Truly, the biggest reason lobbying has become such a massive industry is because of the massiveness of government.  Up until the federal government went after Microsoft with an anti-trust lawsuit, Microsoft didn’t have a government affairs division and spent little, if any, money lobbying government.  After being targeted by the Clinton Justice Department, Microsoft quickly realized that government isn’t just going to leave you alone.  No one is allowed to sit the game out.  So they ponied up and went into the lobbying business.

So what to do?  The answer, as it almost always is, lies in less government, not more.  The only reason corporations employ teams of lawyers to navigate the legislative waters is that these waters are so treacherous and hard to navigate.  Let’s take Indian Reservations as an example.  Tribes spend millions of dollars lobbying all levels of government for all sorts of things.  Maybe they want to run a casino or hunt whales in an area where it is otherwise illegal.  Maybe they want to mine for natural resources.  Maybe they’ve started a tribal business and want tax breaks.  Of course, there are other groups that don’t want to see this happen.  Maybe they are anti-gambling, or wish to protect sea mammals or trees.  Maybe they’re business owners who believe they should be receiving the same tax breaks as the Indians.  Now, instead of creating the Bureau of Indian Affairs and a massive Reservation system across the nation to pay attention to this particular “special interest,” why not just remove government from the decision making process altogether?  Make gambling either completely legal or completely illegal.  Institute a flat tax for every person or corporation.  Quit fiddling around the edges of the law to carve out special favors for your lobbyist friends, and watch how quickly those “friends” disappear.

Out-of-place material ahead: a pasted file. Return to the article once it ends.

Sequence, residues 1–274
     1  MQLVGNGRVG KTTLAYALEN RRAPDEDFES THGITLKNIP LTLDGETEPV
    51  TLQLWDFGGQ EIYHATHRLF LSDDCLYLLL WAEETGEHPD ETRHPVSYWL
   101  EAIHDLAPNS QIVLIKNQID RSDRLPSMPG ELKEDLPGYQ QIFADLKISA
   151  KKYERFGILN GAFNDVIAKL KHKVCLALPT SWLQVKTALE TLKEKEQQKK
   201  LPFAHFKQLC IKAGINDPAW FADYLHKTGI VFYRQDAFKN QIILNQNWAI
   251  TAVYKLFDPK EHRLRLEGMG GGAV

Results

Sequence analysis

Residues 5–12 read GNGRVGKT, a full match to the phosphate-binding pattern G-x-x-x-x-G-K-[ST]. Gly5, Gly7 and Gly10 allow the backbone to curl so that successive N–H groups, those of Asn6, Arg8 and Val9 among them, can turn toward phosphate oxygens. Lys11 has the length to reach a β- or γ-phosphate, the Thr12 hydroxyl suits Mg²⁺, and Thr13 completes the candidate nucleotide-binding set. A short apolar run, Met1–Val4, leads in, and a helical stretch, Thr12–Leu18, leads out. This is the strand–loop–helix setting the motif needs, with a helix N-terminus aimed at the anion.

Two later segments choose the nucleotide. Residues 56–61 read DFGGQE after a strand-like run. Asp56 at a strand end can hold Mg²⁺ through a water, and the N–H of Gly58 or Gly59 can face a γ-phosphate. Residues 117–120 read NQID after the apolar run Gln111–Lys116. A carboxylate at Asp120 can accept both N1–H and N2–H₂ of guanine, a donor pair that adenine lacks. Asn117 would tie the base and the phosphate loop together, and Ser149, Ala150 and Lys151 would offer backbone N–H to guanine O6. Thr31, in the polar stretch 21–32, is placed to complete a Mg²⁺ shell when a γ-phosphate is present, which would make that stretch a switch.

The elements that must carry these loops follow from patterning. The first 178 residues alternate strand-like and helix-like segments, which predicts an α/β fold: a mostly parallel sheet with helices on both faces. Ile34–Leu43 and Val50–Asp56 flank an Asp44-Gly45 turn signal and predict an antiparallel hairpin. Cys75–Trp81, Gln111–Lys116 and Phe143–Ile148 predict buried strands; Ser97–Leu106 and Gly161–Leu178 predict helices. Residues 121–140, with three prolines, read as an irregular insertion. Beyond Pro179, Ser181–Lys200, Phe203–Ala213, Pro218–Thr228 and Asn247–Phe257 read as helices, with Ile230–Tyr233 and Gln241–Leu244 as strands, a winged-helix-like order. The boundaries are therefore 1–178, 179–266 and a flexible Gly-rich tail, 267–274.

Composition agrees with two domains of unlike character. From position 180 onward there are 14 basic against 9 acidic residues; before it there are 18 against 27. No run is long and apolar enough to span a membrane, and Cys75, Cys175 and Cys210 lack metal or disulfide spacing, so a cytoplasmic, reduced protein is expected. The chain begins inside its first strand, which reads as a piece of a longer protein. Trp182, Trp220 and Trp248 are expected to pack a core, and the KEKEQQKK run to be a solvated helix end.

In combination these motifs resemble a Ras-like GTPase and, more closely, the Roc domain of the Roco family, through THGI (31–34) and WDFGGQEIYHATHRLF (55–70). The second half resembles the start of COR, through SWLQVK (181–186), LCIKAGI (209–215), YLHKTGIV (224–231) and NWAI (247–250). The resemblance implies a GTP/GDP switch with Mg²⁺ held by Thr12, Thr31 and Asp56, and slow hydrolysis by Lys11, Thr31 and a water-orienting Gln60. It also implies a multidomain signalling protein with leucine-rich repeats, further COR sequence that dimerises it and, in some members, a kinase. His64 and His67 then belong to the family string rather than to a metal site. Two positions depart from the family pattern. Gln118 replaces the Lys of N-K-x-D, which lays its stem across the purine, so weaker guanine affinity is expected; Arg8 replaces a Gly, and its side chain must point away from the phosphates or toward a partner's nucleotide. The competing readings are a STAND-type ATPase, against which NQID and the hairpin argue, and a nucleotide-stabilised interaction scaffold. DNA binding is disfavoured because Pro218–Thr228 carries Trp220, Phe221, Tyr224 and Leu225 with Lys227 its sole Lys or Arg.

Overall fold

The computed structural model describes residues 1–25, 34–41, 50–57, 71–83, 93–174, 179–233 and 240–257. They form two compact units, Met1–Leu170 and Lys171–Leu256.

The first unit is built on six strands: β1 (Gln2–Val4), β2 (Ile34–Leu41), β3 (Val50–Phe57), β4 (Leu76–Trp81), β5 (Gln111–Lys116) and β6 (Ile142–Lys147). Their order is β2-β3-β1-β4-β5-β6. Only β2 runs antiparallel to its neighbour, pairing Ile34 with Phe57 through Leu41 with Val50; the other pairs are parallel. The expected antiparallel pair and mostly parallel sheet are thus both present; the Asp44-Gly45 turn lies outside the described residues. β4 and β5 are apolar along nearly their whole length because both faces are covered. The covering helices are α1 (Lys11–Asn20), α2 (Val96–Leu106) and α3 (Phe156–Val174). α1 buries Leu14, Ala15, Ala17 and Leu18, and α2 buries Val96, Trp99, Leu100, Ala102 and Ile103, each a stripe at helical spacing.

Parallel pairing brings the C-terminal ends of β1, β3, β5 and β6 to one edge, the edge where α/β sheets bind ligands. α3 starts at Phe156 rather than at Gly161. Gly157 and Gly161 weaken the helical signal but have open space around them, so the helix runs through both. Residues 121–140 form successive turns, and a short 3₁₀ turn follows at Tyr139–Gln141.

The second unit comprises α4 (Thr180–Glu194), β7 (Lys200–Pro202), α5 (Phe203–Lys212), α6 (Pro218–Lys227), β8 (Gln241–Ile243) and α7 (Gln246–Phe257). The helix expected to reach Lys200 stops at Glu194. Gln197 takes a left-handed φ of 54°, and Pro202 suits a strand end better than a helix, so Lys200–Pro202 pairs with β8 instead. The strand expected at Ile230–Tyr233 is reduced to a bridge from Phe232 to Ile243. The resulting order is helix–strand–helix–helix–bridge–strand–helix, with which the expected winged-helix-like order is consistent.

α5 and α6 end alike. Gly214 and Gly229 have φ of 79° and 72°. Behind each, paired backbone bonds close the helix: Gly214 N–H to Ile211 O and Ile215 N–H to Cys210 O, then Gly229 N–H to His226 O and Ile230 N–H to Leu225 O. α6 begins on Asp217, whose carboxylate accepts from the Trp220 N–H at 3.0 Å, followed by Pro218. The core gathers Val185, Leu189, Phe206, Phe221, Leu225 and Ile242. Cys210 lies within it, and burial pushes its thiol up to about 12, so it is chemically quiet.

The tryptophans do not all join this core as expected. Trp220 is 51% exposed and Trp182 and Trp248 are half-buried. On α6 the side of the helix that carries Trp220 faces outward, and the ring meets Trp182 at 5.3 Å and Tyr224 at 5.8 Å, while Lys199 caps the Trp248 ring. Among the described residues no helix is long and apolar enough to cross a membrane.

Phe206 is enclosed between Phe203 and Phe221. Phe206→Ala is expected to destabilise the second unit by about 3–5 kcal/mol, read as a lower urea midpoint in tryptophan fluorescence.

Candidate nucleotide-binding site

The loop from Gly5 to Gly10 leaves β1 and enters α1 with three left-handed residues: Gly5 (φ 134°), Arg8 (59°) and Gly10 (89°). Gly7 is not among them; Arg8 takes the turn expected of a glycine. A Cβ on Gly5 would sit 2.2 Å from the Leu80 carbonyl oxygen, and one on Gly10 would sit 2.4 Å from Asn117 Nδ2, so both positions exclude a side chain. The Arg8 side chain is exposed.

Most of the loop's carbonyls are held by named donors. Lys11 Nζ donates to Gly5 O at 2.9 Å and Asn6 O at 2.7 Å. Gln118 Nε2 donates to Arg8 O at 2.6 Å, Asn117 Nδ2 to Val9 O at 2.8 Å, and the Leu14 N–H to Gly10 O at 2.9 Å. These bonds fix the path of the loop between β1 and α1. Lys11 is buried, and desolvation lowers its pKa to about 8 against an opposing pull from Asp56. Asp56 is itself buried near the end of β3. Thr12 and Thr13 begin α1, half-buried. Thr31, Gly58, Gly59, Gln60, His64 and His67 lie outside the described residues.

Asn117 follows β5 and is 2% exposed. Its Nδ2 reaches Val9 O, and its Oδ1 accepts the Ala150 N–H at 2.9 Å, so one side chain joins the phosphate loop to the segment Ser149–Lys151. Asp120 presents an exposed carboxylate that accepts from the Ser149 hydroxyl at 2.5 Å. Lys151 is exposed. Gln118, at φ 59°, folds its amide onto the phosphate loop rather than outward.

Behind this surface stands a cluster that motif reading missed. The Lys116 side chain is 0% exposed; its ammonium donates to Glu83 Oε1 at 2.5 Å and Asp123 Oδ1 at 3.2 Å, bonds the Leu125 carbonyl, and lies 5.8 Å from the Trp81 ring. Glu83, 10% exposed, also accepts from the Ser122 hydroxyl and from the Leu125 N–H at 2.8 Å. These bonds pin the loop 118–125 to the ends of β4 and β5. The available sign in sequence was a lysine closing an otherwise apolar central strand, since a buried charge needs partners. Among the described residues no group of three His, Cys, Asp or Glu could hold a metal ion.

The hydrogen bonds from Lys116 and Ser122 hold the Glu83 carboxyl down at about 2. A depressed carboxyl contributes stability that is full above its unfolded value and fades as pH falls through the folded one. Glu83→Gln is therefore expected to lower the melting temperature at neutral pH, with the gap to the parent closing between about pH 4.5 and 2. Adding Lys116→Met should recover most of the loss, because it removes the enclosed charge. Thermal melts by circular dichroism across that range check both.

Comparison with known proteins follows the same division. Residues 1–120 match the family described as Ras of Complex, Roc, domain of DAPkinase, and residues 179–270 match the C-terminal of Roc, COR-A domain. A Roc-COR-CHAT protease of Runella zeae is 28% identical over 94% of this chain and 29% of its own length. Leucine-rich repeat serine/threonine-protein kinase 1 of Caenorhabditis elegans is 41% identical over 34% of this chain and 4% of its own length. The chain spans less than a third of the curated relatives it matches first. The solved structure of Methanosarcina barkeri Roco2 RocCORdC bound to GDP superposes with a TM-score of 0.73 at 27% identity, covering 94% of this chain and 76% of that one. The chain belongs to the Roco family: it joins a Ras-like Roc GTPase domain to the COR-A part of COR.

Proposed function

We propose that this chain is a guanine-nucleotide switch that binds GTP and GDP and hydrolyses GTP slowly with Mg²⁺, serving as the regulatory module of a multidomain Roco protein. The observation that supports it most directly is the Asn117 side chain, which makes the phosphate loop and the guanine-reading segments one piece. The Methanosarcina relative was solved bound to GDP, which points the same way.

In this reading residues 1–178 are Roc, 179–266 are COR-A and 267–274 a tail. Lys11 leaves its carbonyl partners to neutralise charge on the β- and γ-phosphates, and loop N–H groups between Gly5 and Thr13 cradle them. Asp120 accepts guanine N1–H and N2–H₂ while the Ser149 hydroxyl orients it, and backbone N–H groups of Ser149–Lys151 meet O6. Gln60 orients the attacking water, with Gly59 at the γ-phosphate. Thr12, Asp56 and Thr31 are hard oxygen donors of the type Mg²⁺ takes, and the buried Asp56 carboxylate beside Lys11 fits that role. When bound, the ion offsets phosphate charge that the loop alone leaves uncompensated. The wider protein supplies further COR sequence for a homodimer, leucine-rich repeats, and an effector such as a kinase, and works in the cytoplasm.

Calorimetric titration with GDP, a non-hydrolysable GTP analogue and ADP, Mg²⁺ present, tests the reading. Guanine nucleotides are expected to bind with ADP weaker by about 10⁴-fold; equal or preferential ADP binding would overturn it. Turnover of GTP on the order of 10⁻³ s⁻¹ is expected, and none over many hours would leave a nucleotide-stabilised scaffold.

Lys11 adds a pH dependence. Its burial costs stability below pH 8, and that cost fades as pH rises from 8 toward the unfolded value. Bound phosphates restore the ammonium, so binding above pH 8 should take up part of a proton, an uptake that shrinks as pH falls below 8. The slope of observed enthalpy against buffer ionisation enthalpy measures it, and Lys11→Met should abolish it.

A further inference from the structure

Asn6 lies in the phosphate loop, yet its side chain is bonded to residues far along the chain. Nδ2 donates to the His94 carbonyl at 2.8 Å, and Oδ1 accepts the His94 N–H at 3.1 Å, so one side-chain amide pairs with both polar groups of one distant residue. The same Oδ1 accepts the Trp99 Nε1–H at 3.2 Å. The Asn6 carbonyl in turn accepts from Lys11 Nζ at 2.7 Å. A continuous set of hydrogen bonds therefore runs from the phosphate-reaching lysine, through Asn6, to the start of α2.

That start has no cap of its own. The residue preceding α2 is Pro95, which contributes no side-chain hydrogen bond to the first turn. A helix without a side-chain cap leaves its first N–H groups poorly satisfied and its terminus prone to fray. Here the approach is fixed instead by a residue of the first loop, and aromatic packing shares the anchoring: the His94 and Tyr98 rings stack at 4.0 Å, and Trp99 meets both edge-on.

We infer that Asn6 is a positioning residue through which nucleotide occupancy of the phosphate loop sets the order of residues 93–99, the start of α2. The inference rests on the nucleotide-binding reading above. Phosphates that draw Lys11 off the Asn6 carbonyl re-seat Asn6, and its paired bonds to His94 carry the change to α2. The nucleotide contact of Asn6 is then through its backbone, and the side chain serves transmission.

We shouldn’t be blaming the lobbyists for showing up to the trough every time Senator So-and-So dumps a fresh load of slop into it.  They’re just doing what any of us would do.  No, instead, we should be blaming Senator So-and-So for taking our money and giving it to those we feel don’t deserve it.  (And funny how those we feel don’t deserve it are usually the ones whose policies we disagree with.)